The Pleasures and Pitfalls of Travel for Seniors

by admin

Are you a senior? Or are you a caregiver for a senior? Then you must be aware of the difficulties of travel for seniors. And, in spite of the fact that the world is becoming more conscious of the needs of seniors, and many train stations, bus terminals and airports have been introducing measures to handle the needs of seniors, it is still not enough.

So, what are the problems seniors face when they travel, accompanied or unaccompanied? What do they feel before a journey? Are they excited to be traveling, maybe to visit their children and grandchildren? Or are they full of dread and despair at the thought of leaving the safe confines of their homes to board an aircraft that will be suspended in the sky?

Of course, all seniors are not the same. Many of them are full of joy at the thought of traveling to meet their loved ones. Quite often, the thought of arriving at their destination is so exciting that they tend to overlook any inconveniences they may have to face while traveling and are very positive about the experience.

But then, as we’ve already said – all seniors are not the same. So, what do the others have to say about what it means to travel for seniors?

Senior moments en route

The fears that seniors experience while traveling may seem rather over-the-top to us, but they are very real to them. We can only try to fathom the intensity of their anxiety attacks, but unless we step into their shoes…

What do seniors fear the most while traveling?

  • Will they have to climb stairs?
  • Will their ears hurt?
  • How will they go to the toilet?
  • What if they get leg cramps?
  • What if there’s an emergency landing?
  • Will there be a doctor onboard if they feel ill?
  • Suppose they have a heart attack?
  • Will they get food on the flight?

These are only some of the thoughts that go through a seniors’ mind. And they probably seem like insurmountable problems to them. But they don’t have to be. There are certain steps we can take to pre-empt these issues involved in travel for seniors, that would be very reassuring for them.

Travel tips for seniors

All it takes is a little bit of foresight and planning to make traveling for seniors a painless, and maybe even pleasurable, process. And the process begins at home itself, before the journey begins.

  • For starters – how do you get seniors out of the house? Especially those who are not very mobile? Just arrange for a wheelchair – they can be easily wheeled out of the house and to the car.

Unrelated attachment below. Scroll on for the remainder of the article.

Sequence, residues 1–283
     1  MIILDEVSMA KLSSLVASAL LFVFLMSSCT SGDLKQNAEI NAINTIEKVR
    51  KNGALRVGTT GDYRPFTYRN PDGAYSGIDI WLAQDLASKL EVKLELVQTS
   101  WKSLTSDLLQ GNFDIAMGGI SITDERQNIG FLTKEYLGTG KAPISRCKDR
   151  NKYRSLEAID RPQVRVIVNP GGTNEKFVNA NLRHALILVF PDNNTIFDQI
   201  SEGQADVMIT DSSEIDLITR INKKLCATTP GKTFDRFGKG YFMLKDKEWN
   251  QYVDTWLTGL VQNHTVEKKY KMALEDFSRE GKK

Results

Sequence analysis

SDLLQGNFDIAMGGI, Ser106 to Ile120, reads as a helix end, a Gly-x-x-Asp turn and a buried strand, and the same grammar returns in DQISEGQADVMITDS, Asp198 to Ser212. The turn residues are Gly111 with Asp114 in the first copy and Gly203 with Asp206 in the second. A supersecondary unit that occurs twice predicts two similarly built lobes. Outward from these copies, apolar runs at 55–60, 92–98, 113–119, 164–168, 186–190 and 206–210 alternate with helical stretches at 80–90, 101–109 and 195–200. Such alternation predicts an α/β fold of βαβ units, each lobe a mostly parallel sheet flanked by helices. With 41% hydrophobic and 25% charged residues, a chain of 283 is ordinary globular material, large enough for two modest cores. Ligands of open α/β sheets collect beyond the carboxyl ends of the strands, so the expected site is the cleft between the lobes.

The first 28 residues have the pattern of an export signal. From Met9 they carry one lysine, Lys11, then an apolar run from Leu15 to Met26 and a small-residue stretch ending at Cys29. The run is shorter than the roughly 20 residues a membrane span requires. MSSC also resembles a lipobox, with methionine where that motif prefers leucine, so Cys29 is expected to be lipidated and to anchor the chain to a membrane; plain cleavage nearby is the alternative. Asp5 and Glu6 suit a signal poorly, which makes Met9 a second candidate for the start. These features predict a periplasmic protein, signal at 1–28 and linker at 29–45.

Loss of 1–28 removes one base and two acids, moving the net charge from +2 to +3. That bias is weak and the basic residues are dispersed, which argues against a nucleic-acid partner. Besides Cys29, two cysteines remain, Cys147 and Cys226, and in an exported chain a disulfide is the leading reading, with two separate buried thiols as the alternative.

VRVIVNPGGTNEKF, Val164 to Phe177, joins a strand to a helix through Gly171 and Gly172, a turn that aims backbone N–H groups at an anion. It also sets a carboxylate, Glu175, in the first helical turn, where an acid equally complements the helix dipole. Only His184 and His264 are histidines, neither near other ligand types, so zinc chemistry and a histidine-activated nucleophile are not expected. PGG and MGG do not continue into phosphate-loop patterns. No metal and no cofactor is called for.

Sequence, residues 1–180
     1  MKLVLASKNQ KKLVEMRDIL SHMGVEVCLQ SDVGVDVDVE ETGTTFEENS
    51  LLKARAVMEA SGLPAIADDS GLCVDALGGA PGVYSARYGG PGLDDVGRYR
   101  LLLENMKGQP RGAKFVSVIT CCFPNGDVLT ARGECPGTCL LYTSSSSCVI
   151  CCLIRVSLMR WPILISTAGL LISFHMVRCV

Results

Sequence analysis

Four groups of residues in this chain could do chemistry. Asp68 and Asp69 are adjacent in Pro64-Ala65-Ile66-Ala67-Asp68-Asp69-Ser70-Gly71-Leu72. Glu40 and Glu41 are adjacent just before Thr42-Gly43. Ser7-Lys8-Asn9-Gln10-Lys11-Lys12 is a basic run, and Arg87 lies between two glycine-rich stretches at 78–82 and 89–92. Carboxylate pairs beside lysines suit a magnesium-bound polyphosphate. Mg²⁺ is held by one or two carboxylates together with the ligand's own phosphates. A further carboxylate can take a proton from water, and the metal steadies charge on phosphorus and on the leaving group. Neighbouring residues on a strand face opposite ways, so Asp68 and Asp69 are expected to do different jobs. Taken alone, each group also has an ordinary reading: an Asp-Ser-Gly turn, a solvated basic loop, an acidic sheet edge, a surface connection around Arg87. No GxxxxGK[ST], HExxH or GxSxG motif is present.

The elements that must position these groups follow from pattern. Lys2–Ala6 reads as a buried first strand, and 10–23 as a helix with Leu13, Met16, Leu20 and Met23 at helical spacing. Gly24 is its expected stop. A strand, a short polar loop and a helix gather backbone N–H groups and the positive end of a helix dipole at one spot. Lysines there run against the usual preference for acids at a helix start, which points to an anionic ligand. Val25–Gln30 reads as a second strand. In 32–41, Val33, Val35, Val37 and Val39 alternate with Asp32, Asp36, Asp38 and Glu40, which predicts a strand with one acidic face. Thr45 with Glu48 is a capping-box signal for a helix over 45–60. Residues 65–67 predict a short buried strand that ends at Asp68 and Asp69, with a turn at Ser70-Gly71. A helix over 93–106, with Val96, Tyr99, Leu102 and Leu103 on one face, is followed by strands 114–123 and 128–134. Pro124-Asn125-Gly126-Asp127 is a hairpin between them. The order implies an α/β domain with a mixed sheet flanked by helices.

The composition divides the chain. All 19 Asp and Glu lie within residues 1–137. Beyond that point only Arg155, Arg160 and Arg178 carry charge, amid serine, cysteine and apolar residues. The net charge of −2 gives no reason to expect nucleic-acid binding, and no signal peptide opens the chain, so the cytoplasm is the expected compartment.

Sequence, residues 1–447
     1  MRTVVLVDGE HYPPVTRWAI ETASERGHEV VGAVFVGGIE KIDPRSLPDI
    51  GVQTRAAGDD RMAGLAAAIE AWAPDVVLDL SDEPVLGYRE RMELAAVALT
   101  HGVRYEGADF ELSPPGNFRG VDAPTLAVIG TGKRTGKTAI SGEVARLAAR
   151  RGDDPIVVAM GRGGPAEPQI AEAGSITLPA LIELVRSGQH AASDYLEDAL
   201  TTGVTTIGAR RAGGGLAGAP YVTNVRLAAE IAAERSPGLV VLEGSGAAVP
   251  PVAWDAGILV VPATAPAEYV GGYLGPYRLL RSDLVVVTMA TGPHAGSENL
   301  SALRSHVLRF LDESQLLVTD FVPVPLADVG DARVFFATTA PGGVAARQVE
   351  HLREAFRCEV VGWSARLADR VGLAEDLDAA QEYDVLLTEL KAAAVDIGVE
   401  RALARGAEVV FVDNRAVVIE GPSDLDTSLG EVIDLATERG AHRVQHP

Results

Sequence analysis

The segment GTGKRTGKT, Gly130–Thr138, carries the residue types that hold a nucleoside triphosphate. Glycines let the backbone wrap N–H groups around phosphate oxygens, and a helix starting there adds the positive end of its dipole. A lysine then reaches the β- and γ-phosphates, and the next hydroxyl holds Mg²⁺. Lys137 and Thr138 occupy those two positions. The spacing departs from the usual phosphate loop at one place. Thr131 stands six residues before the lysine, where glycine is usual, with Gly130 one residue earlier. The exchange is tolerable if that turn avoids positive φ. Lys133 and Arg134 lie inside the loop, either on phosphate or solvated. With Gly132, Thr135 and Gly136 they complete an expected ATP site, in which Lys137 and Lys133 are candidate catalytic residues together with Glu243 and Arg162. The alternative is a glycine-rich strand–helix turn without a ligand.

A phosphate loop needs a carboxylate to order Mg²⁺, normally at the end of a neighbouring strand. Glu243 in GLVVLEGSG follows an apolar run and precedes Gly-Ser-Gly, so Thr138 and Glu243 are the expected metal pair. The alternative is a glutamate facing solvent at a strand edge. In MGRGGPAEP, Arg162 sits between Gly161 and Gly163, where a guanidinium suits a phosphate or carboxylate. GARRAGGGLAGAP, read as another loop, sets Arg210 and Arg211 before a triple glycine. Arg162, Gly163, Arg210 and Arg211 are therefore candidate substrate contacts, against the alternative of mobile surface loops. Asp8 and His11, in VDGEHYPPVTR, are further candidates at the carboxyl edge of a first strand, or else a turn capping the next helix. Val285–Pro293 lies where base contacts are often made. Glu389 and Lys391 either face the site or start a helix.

• Getting into a car is not an easy task for seniors who may have stiff joints and painful muscles. The wheelchair needs to be taken right up to the front passenger door because it’s usually wider than the back door and the seat is lower than the back seat. Seniors can then be gently eased sideways onto the front seat.
  • The wheelchair can then be folded and stowed away in the boot of the car.
  • When the car reaches the airport, the wheelchair can be unfolded and seniors can be transferred onto it. Ensure the wheelchair is kept out of the way of baggage trolleys to avoid getting bumped.
  • After check-in, look for elevators that are conveniently situated. Seniors are always given priority.
  • Prior to boarding the flight, it would be wise for seniors to visit the toilet in the terminal since toilets on aircraft are very cramped. Toilets for the handicapped are available at the airport. If it’s going to be a long flight, seniors should use adult diapers to avoid using the toilet on the aircraft.
  • Another major obstacle is reaching the aircraft. There’s no problem if there’s an aerobridge. But if there isn’t, a bus or coach would be used – not very convenient for elder travel. If the bus has a ramp, the wheelchair can be wheeled onto the bus easily. If not, airline staff can be requested to be on call to help lift seniors onto the coach.
  • While boarding the aircraft, wheelchairs can be raised on a platform and wheeled in through the galley.
  • If the airline cannot provide special meals for seniors, do carry suitable food from home. Most seniors need to have their meals on time, more so if they are on time-bound medications.
  • Similar arrangements need to be made during disembarkation.

These are only some rather basic arrangements that need to be made to ensure that seniors can travel comfortably, with minimal physical and mental trauma. A great deal of patience is required to deal with elders who are highly strung and insecure, and they need a lot of reassurance. However, with the right kind of planning and coordination, the journey can be fairly smooth and hassle-free.

A little compassion, a few insights and a bit of organization – that’s all it takes to ensure hassle-free travel for seniors.

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